In a usual banter with friends, one expressed concern that we may be doomed to fail in responding to the threat and preventing the spread of the 2019 novel coronavirus (2019-nCoV). My friend’s reason is rather simple; those manning the ports are always on the lookout for opportunities for money. Identifying passengers who show symptoms would just be secondary and the ports are our first line of defense. I had to correct him by saying, from experience, the ones in charge of checking the passengers are not organic to the ports, or if they were, they would have to be trained for that particular purpose. In other words, we won't be relying on those who would likely just be concerned with their daily “delihensya” (bribes).
Sadly, the general perception of our public offices is that it is ineffective because the people in government are incompetent. We can’t blame the people as this perception is from their experience dealing with and/or seeing how government responds to problems. We have seen for example how the government failed miserably in the Yolanda rehabilitation, and now the same in Marawi. So, the batting average of government response and performance is rather low.
There are considerable improvements but it will take a lot more to really do away with the dominant perception of weakness in our government. Then again, it is systemic. No matter how effective a leader is, unless we really undertake an overhaul of the system of government, this will always be how the public will look at the government. The result even contributes to the problem; this weakness in government is used by some quarters as a reason not to cooperate.
This was evident in the recently conducted Senate investigation on the 2019-nCoV. You had a secretary of health who didn't have the necessary information with him, and therefore only evidently showed the limitations of leadership. On the other hand, you had a senator who’s asking questions as if it was a corruption investigation. The purpose of investigations in the legislature, in whichever chamber, was lost entirely. It was obviously not to “aid” legislation, which means “policymaking”, and therefore intended to improve public service or specifically, in this case, plug the limitations of the Department of Health (DOH) and the overall effort to prevent the spread a contagion. It was mainly intended (for some at least) to denigrate the health secretary and the administration in general.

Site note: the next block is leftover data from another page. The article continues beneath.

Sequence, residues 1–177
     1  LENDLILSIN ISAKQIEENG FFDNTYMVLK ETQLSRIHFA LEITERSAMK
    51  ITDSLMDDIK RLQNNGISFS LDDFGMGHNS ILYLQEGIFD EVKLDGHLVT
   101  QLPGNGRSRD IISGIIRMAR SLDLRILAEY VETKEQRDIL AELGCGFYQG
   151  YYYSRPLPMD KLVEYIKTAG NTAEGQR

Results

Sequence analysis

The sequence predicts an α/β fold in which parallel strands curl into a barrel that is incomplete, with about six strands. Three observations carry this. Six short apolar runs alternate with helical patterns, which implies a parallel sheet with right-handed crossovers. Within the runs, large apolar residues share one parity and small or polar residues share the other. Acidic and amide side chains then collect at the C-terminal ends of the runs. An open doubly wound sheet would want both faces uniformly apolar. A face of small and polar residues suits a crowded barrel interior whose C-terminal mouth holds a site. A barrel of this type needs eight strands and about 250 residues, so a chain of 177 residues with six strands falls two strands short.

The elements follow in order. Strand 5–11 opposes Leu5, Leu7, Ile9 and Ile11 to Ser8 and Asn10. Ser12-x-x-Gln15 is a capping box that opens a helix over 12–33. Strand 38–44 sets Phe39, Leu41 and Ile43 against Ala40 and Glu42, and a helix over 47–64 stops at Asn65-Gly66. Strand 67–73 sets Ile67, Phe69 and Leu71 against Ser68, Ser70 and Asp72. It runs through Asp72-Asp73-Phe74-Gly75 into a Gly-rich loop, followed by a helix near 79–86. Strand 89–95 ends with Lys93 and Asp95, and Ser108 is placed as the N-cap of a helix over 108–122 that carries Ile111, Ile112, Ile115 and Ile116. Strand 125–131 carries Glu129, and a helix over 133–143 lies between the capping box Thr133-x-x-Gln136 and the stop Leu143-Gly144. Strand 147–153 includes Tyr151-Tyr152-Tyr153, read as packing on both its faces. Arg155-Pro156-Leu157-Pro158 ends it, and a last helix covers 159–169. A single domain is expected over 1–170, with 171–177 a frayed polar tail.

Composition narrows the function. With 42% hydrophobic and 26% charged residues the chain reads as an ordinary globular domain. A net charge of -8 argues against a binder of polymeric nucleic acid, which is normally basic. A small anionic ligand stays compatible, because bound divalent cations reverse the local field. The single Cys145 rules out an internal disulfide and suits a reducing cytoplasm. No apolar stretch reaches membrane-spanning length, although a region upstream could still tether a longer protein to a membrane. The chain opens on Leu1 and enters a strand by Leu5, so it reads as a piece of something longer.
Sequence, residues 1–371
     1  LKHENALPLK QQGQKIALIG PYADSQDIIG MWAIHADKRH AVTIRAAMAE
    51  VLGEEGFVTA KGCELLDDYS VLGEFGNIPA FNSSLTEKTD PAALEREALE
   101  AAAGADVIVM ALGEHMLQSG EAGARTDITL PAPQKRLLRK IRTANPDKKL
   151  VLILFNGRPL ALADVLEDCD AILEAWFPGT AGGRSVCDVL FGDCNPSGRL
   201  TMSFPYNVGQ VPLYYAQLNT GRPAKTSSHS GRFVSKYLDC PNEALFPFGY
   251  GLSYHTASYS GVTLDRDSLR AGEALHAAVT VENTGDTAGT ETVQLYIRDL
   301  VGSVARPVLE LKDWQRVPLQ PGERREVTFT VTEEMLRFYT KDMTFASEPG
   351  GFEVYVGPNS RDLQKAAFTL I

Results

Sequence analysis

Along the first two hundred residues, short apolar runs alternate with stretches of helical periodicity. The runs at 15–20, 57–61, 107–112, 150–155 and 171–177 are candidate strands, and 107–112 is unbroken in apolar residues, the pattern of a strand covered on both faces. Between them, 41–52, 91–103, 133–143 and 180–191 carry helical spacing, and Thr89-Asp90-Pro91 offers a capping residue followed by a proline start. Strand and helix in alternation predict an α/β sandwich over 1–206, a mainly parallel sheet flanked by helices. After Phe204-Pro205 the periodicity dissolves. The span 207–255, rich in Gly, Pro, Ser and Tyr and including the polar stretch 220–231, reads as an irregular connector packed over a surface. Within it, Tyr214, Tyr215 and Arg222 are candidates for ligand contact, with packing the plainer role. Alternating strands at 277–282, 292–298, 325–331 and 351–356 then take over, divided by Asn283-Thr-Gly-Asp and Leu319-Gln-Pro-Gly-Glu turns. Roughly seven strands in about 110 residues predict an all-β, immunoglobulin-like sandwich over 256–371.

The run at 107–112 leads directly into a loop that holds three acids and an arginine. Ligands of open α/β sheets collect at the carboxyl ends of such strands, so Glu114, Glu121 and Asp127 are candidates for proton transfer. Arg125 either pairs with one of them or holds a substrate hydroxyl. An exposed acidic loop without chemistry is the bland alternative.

How low are people in partisan politics willing to go? I have always said that the opposition should find or use another issue other than the war on drugs if it expects to get the public on its side. The coming of the nCoV seems to be a reason to celebrate for some. Yes, everyone is concerned but the partisan groups have found a new issue to discredit the President, especially by tying it to the general perception of his preference and or deference to China.
To criticize the President is but expected. Any President for that matter should be criticized, especially if his or her actions and/or inactions are already affecting the people’s well-being. The purpose should be mainly to contribute to the determination of how the government can improve on its performance or to have public officials accountable. To oust the President, on the other hand is something else, especially in a crisis situation, and you need a government that is at its most effective state and its attention not divided by having to fend off political attacks.